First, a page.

The Minor in Political Science compares political systems with government and examines the major political thinkers, as well as a choice of three additional courses within the subject.


The quality of teaching at Richmond was exceptional. I acquired practical tools that equipped me to further my studies via a post-graduate degree. As a Master’s student at the London School of Economics it has prepared me to engage with my work and has equipped me with the skills to cope with the fast paced environment of the LSE.
The teaching style at Richmond was very interactive. Lecturers were very engaging, approachable and helpful and small classroom sizes made it easy to engage with peers and professors. The course elements gave me the ability to create and start various initiatives due to the unique make-up of the University.
My Richmond experience allowed me to explore my interests and I was able to determine where my passion and strengths lie, which completely changed my perspective and career path.

Programme Structure

Minor requirements – US Credits 18 – UK Credits 72
One of the following:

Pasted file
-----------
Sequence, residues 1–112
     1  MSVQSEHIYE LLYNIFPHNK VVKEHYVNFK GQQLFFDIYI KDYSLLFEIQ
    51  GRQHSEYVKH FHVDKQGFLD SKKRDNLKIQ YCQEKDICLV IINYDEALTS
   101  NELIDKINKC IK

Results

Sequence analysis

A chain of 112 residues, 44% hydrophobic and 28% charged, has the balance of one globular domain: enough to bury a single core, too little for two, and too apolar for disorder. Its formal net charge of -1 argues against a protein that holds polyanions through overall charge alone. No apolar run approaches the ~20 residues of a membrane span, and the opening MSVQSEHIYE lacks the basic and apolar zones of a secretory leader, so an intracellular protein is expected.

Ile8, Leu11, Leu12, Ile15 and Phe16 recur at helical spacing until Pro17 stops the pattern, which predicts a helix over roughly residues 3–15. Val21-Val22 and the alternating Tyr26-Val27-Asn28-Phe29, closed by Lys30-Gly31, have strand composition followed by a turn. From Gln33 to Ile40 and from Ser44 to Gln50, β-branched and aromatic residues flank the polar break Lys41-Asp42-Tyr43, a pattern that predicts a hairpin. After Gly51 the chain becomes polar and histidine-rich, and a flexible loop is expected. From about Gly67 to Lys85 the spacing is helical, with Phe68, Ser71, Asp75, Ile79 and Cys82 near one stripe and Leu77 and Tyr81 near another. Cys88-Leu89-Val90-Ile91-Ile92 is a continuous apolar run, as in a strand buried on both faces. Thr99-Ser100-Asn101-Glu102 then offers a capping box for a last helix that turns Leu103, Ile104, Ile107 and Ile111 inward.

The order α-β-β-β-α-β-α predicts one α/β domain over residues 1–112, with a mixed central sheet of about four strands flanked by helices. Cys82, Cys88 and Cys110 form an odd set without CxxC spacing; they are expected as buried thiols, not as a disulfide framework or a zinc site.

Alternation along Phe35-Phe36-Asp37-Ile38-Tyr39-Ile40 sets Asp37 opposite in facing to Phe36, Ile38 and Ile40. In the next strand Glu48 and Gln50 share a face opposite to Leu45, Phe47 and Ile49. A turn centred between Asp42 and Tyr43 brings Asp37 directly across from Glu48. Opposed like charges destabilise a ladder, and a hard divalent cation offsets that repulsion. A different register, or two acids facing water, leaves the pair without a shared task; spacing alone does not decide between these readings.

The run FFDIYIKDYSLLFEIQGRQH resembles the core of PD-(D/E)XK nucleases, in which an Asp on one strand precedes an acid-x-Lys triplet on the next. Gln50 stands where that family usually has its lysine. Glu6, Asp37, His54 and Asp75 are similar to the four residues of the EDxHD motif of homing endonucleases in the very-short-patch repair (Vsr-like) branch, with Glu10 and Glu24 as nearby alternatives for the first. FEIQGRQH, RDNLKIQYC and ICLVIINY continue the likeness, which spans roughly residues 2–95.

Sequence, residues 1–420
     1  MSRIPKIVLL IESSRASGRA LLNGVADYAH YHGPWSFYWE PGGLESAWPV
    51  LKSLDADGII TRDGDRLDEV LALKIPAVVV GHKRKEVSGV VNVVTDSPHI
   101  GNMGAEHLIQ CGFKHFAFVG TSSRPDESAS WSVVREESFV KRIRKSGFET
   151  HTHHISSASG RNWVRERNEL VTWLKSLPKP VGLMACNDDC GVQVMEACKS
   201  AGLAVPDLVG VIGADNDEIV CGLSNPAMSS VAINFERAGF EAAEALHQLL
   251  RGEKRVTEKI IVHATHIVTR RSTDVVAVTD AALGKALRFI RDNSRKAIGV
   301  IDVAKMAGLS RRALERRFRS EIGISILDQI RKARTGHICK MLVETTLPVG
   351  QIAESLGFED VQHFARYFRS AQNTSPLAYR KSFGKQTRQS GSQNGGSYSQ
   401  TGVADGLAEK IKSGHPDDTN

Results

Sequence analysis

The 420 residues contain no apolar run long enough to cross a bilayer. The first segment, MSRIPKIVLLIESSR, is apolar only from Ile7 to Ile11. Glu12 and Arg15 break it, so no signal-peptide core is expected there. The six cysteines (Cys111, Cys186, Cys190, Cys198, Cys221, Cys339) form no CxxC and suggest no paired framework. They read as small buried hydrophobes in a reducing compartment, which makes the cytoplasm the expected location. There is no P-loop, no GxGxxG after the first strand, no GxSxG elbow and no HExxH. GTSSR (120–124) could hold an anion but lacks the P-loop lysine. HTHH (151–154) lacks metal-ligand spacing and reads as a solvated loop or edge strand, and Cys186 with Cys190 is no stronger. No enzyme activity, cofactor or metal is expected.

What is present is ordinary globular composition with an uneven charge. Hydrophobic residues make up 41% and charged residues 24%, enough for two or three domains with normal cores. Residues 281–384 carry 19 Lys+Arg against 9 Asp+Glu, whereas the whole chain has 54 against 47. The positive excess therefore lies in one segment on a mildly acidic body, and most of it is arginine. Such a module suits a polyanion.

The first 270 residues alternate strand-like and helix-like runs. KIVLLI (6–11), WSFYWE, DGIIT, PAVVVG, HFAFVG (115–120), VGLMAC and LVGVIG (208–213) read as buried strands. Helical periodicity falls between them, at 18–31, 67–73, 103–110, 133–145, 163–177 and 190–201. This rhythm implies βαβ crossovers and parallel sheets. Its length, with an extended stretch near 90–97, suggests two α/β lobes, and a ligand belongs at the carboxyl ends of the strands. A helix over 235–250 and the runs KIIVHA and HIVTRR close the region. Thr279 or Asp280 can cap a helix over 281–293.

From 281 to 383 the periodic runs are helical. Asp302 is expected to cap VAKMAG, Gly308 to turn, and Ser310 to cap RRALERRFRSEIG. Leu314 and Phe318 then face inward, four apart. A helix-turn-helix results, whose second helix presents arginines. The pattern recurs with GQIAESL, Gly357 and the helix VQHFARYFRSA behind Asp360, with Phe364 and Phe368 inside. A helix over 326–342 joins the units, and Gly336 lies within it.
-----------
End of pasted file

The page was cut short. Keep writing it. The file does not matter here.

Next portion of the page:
Introduces students to the study of politics by defining, exploring and evaluating the basic concepts of politics through the analysis of modern and contemporary ideologies. It outlines some of the central issues in the study of politics such as the nature of the political itself; power and authority in the state; political obligation; the rights and duties of the citizen; liberty and equality; economic systems and modes of production through the scope of central political ideologies such as liberalism, Marxism, conservatism, feminism, multiculturalism and environmentalism.

Examines the political experience, institutions, behavior and processes of the major political systems. Analyses major concepts, approaches and methods of political science in order to produce comparative analyses of different states and governments and provide a critical understanding of political decision-making processes in modern states.

plus both:

This course provides students with an introduction to political thought and political philosophy, as it has developed in the Western World. The origins of modern political thought and political ideologies are discovered and explored through the study of a range of major political thinkers, such as Machiavelli, Hobbes, Locke, Rousseau, Burke, Wollstonecraft, Marx, Mill, and Nietzsche.

This course will introduce students to the main political institutions in the United Kingdom (the monarchy, the executive, parliament, political parties and electoral systems) and to important debates in contemporary British society, such as constitutional reform, Britain’s relations with Europe, the power of the media, gender debates and multiculturalism. The class combines theoretical and empirical approaches. Classes are supplemented by 10 sessions in the House of Commons with a Member of Parliament.

plus three PLT courses at Level 5 or higher

Undergraduate Prospectus 2022